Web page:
Yet, in the strangest of ironies, somehow Saudi Arabia was elected as current chair of the U.N. Human Rights Council Panel. A globalized ultra-puritan style Islamist ideology, no matter the poverty or wealth of Muslims, no matter the wretched postcolonial rage or successful European integration of Muslims, will always offer to Muslims an alluring symbolic seduction of the “true” caliphate until the West renounces its denial and duplicitous complicity with the Saudi theocracy.

Joshua Ramos, a fellow with the International Institute for Applied Systems Analysis (IIASA) in Vienna, is finishing his doctoral studies at the University of Denver on the work of Olivier Roy and radical religions in a global context.  His research and publications focus on religion, fundamentalism, demography, and immigration.


NO. Opinion-makers in the West still make an invidious, unacknowledged distinction between domestic victims of terrorism and victims elsewhere

The day after the Paris attacks one BBC commentator suggested that what happened in Paris was “Beirut-level” violence.

That is an essential insight. Global and regional powers — many from “the West” — have for decades been inflicting massive violence and causing huge scales of human suffering throughout parts of the Middle East. But westerners assume that such violence should be contained there. Far over there. This racist presumption of qualitative difference is now being proven false.

President Obama has called the Paris onslaught an “attack on all of humanity.” While perhaps true, we in the western world cannot accept that humanity is affected only when Europeans are murdered or, as on 9/11, symbols of western military and economic power are made to crumble.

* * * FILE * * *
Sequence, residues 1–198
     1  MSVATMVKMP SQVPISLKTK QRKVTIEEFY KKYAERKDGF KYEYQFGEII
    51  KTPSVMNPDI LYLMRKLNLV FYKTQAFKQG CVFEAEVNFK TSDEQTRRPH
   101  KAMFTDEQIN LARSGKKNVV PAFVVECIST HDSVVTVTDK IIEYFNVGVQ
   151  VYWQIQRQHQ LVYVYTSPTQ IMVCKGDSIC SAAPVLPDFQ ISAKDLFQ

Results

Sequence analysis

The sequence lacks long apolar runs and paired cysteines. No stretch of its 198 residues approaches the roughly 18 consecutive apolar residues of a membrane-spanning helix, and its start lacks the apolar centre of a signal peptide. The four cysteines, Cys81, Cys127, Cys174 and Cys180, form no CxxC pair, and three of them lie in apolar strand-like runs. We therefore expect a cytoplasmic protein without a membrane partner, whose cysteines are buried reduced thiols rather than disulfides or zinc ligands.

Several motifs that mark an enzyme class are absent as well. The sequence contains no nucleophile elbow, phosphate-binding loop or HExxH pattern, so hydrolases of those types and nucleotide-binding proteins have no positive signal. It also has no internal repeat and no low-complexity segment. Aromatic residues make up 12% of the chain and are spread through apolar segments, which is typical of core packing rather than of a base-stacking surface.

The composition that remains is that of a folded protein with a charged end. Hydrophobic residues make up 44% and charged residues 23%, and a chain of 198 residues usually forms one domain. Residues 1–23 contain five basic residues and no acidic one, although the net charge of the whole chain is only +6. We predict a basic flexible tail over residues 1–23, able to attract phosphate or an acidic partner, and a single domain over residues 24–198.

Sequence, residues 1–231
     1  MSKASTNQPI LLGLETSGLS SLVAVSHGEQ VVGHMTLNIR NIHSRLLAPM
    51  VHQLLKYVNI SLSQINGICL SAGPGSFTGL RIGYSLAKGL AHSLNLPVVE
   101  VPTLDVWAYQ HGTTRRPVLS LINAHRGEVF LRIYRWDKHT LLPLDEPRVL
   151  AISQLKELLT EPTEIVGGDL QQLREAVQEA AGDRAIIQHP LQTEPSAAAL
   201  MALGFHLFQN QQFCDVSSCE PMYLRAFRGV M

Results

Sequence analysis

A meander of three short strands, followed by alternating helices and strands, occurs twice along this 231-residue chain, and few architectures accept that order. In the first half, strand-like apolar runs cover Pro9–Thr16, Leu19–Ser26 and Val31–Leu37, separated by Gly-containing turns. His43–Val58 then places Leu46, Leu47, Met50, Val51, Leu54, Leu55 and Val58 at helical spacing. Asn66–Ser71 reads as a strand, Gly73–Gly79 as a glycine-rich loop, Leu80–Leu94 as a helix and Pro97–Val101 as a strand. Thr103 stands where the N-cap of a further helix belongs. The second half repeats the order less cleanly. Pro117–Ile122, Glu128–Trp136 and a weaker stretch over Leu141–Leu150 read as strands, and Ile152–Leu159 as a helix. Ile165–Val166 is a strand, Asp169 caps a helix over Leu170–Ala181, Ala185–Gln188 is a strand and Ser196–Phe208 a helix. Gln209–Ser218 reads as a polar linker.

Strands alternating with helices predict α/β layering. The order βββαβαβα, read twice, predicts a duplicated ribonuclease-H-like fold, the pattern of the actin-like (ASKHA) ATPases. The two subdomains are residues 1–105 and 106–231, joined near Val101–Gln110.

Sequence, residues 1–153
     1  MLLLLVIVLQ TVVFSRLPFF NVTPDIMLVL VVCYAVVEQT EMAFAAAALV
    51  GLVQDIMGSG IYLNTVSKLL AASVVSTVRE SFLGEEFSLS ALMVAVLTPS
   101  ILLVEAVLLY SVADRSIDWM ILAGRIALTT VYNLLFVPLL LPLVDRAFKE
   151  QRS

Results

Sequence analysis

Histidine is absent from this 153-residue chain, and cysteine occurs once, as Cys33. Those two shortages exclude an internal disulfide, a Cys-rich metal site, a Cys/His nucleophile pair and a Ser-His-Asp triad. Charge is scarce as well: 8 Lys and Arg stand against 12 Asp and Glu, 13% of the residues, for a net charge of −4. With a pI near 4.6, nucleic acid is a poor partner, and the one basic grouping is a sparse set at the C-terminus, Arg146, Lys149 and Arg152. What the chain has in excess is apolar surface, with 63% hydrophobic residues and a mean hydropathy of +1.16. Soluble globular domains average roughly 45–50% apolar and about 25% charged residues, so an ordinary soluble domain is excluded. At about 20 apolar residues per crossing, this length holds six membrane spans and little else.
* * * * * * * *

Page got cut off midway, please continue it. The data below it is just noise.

The suffering of a Parisian concert-goer is unacceptable and condemnable. Such suffering is neither more scandalous nor more unacceptable than the suffering of a child in Aleppo, in Karachi, in Gaza. The primary difference is that the child in those places is likely poor, without the benefits of being insulated from the violence engulfing her context.

King Abdullah II of Jordan has called the present moment a Third World War. The number of countries involved and the massive suffering being inflicted in many contexts appears to qualify for this appellation. Those communities being newly forced to confront the violences of the present world will be tempted to reactivity.

The fog of war clouds analysis and judgment. At this stage of conflict, we may be entering a period of dangerous confusion. As we express concern for “all of humanity,” we must resist seeking the good for only some humans alone.

Rev. Robert O. Smith, PhD, is Academic Director for the Jerusalem Global Gateway of the University of Notre Dame and co-moderator, with Dr. Muna Mushahwar, of the Palestine-Israel Ecumenical Forum of the World Council of Churches. He is the author of More Desired than Our Owne Salvation: The Roots of Christian Zionism (Oxford, 2013).